Uganda’s government is clamping down heavily on opposition figure Bobi Wine, but he and his supporters remain undeterred.

Outside of the Chief Magistrate Court in Kampala, crowds of young people decked in red berets and clothing sing and cheer. They came here to support Bobi Wine at his bail application hearing and are now jubilantly celebrating his release. Others race down the road to the popular singer’s home, fighting police tear gas on the way, to give him a hero’s welcome.

These scenes are evidence of how big a following Bobi Wine (real name Robert Kyagulanyi) has built up in Uganda today. Drawing on his rough upbringing in Kampala’s slums, the 37-year-old singer-turned-politician has styled himself as a warrior for ordinary people. His critiques of Uganda’s many ills in his speeches and songs have won him widespread support, particularly among a frustrated youth.

“Since he is from the ghetto, he knows what we want,” says Rahmah Lubowa Juma, a crimson red scarf – the colour of Wine’s People Power movement – covering her hair. “All the systems are rotten. We don’t have medicine in hospitals. Women die daily giving birth. All the services are for those who have money.”

Frank Lubega, another fan who came to support Wine, agrees. “He will do everything for us,” he says. “This Uganda will become a paradise.”

Despite just being released from maximum security prison, Wine is similarly adamant that Uganda needs radical change and that he will fight for it. “I’m standing up for my rights, but I find myself representing so many other people who share the same plight with me,” he told African Arguments. “I am desperate, just like all other young Ugandans who have worked so hard and have hoped for a better Uganda for so long only to realise that we are the only ones that can give ourselves the liberty that we want.”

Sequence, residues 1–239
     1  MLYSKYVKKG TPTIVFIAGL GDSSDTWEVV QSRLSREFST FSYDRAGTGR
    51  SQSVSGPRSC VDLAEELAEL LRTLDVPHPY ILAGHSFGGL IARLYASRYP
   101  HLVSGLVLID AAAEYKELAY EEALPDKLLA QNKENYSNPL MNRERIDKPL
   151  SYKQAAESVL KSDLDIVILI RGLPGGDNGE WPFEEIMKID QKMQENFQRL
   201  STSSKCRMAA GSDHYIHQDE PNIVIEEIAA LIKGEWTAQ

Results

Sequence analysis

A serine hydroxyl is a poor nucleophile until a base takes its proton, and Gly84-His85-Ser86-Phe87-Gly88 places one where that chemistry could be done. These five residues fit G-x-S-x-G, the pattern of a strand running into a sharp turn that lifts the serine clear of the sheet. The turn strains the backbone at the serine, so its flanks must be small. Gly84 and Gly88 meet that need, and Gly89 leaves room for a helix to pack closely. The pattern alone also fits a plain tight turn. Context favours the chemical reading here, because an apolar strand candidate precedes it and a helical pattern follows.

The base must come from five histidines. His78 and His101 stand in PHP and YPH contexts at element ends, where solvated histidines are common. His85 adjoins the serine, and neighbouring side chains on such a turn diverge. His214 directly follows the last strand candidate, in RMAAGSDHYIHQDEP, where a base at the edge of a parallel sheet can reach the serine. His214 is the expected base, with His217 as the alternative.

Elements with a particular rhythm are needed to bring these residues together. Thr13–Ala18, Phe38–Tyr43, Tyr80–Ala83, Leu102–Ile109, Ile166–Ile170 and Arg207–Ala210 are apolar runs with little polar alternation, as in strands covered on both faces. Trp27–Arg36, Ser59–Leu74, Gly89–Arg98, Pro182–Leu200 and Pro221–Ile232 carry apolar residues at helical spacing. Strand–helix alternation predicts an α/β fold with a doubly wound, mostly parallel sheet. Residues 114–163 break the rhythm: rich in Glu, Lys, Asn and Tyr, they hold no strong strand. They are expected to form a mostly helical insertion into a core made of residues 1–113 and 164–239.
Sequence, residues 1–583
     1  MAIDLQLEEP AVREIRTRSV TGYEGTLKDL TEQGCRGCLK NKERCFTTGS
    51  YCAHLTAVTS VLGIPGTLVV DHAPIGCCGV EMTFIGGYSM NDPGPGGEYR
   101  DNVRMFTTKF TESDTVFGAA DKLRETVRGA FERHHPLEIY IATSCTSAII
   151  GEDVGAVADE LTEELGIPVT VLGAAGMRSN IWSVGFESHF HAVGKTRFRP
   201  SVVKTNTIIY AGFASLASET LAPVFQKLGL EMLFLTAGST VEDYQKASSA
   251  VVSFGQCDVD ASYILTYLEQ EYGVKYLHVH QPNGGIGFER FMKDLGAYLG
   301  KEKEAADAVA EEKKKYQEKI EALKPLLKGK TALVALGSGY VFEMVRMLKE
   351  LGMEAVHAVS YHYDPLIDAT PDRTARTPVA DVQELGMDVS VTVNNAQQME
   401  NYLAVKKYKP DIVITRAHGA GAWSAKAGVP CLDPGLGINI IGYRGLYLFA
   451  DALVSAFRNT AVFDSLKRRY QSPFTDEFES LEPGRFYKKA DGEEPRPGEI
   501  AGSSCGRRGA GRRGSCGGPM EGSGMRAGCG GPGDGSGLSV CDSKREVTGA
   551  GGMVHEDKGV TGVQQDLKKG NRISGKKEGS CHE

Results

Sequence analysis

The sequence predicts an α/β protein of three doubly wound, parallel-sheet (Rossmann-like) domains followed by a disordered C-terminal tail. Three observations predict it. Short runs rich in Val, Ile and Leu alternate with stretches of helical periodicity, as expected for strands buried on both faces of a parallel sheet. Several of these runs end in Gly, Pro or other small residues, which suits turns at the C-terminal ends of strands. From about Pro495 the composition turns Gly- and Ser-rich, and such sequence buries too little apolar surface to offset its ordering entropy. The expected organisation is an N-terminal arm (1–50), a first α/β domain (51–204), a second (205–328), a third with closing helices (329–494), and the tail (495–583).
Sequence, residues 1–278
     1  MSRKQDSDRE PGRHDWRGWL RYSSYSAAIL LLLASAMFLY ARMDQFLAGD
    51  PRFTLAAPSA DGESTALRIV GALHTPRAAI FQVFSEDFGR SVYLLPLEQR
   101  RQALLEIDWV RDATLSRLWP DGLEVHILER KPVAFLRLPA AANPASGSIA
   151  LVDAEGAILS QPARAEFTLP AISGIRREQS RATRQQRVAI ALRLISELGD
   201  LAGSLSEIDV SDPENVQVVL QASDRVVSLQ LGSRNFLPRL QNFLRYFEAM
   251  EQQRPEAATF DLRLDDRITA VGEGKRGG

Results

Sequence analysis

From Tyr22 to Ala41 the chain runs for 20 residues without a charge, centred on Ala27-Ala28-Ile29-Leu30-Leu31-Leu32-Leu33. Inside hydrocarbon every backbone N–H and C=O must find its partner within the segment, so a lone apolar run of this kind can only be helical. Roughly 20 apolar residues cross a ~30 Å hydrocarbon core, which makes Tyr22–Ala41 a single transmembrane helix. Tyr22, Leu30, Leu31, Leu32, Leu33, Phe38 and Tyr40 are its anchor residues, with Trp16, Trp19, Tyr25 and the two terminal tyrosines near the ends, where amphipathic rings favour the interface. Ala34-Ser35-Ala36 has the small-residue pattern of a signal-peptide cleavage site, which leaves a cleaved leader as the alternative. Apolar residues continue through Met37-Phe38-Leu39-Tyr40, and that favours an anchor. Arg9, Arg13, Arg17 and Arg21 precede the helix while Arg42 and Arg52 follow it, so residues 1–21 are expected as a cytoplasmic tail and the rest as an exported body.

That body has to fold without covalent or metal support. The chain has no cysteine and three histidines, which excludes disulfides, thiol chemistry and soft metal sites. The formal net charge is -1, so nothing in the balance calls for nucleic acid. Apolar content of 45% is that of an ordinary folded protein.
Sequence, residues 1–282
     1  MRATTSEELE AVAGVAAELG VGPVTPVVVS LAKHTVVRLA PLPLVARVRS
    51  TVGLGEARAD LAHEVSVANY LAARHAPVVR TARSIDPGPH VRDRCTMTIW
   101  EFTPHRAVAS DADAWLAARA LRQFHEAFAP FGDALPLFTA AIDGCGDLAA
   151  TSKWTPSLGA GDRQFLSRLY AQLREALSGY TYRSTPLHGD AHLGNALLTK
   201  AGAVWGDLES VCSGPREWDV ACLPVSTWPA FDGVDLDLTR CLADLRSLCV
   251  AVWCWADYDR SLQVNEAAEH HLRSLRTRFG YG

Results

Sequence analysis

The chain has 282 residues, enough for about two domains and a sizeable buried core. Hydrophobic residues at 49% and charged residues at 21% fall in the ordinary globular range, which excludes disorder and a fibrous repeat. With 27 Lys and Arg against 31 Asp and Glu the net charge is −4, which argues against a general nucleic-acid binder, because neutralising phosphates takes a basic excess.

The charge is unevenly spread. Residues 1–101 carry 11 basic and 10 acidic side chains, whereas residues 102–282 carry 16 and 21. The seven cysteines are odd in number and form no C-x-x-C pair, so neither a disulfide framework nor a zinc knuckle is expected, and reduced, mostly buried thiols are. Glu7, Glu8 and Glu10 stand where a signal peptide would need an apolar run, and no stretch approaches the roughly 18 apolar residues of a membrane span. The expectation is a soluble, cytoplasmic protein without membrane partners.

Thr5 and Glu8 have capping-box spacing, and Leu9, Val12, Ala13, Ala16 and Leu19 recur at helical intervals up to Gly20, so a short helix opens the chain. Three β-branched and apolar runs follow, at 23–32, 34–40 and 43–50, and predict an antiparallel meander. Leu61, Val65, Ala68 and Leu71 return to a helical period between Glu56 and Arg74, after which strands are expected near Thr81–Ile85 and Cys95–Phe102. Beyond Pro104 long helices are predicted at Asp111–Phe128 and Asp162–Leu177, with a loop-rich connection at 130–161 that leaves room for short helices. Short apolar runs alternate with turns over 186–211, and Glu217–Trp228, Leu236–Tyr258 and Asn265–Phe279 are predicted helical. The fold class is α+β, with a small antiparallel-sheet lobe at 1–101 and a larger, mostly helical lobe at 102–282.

A rapid ascent to power

Over the last few years, Wine’s outspokenness and popularity have become a thorn in the side of Uganda’s regime. In July 2017, the singer won a by-election to become the MP for Kyaddondo East. He has drawn enormous crowds for his concerts and in campaigning for other opposition candidates.

In response, the government of President Yoweri Museveni, in power since 1986, has embarked on a campaign of repression against the young parliamentarian. In August 2018, security forces arrested and allegedly tortured Wine following a reported assassination attempt on him. In late-April 2019, the government arrested the MP again, accusing him of statutory disobedience during a protest against the social media tax last year.

His subsequent bail application was just the latest example of the state’s varied attempts to make life difficult for him. In the hearing, the opposition leader was only allowed to appear via video conference. According Nicholas Opiyo, a leading human rights lawyer who has provided counsel to Wine, this prevented the defendant from privately consulting his lawyers and violated his constitutional rights.

Wine was nonetheless released on a cash bail of USh 1 million ($265) after four hours of legal arguments. He will face charges later this month, but the integrity of the process remains unclear.

“The legal system has become a tool of the state, not a vanguard or a place for hope,” says Opiyo. “Legal processes, like all other processes, are incapable of restoring sanity in themselves.”

As well as targeting Wine, President Museveni’s government has also clamped down on opposition and dissent more broadly. The use of tear gas and rubber bullets against Wine’s supporters is part of a long-running trend. “What Bobi Wine is going through is not new,” says Seif Magango, East Africa Deputy Director for Amnesty International. “It has become a hallmark of Ugandan police treatment of its critics.”